Another proven offering for best practices to store and manage crypto keys involves the “root of trust.” The problematic element to maintaining an effective PKI is the private keys. After all, public keys by necessity must be freely available. On the other hand, private keys must be secret and secure to ensure a trusted identity. Securely storing these keys means running software on an operating system or in trusted hardware connected to systems. But storing cryptographic keys in software is suboptimal because it is much easier to access and compromise. Businesses need components, known in the aggregate as “root of trust,” that can reliably perform one or more security-critical functions, such as protecting cryptographic keys, performing device authentication or verifying software, according to the National Institute of Standards and Technology. While a root of trust creates a barrier between software on the server and cryptographic key material, the practice can go a long way toward thwarting a hacker’s paths of attack and access to sensitive cryptographic keys. Furthermore, it is important that an assured supply chain creates the hardware root of trust. Otherwise, if compromised, the entire infrastructure is at risk.
The IoT, well on its way to not just becoming a reality but overtaking day-to-day living, gives military and civilian agencies keener insight and control over critical functions and operations. An estimated 50 billion uniquely identifiable connected devices will be deployed globally by 2020, according to the Internet of Things Solutions World Congress. It is a game changer, and part of playing the game involves ensuring the devices are secure. The volume of Internet-connected data and devices will grow by enormous proportions, making it essential to create a base of secure, trusted and reliable data.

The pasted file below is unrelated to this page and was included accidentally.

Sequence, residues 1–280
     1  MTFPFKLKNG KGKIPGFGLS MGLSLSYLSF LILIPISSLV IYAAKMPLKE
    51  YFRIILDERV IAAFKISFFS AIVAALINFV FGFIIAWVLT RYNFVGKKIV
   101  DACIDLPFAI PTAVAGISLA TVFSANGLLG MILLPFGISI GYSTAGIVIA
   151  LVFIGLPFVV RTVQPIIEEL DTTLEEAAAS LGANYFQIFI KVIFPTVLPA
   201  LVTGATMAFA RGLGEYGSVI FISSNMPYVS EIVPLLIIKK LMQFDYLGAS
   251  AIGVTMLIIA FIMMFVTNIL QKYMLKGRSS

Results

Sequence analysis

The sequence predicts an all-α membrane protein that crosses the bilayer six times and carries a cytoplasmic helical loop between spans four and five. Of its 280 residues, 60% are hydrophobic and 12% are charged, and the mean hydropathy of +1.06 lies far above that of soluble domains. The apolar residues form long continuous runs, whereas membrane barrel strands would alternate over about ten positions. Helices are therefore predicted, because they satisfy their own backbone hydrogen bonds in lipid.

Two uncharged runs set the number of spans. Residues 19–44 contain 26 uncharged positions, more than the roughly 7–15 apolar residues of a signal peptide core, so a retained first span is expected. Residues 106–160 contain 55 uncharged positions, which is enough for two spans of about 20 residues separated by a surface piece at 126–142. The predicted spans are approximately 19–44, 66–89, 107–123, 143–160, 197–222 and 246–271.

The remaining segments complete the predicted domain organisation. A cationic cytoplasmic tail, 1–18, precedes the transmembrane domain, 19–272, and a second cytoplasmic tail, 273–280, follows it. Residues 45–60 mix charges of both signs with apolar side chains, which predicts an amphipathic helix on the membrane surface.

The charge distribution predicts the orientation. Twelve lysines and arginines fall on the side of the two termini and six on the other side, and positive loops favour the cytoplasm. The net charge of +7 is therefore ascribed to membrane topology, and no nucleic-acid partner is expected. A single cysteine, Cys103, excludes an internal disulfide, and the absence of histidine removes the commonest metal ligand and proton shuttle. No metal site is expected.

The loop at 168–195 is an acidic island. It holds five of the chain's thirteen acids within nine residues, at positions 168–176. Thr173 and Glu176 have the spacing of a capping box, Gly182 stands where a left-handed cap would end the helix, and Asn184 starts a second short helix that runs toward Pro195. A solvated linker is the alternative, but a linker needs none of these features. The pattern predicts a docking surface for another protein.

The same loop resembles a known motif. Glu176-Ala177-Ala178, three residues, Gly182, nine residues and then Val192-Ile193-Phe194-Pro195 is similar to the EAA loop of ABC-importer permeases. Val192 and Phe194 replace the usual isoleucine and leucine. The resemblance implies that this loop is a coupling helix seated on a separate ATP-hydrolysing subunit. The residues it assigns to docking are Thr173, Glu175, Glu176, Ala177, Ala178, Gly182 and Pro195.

Shawn Campbell is vice president of product management for SafeNet Assured Technologies. The views expressed here are his alone.
Defining the Internet of Things
Though the government has invested millions of dollars to secure its enterprise networks, it is the emergence of untethered systems—those that make up the blossoming Internet of Things (IoT)—that now pose the gravest security concerns. To understand how attacks occur, it is important to know some of the IoT language and how the various elements interconnect:
- Sensors and actuators allow monitoring and data collection, and control the actual “things” in the IoT.
- Devices are the so-called “things” in the name—the smartphones, tablets, fitness trackers—that will become even more efficient, thanks to improvements made to sensors and actuators.
- Gateways provide the means with which connected devices communicate more efficiently, allowing for improved data management and security.
- Masters of devices and service providers govern every device or service within the IoT domain. All have a master that issues and manages devices and makes data analysis easier. A master might be the device manufacturer, a cloud service provider or an Internet solution provider.
Based on the components described above, each attack against the IoT can be placed into one of three categories:
- Attacks on devices
- Attacks on communication between
- devices and masters.
- Attacks against masters.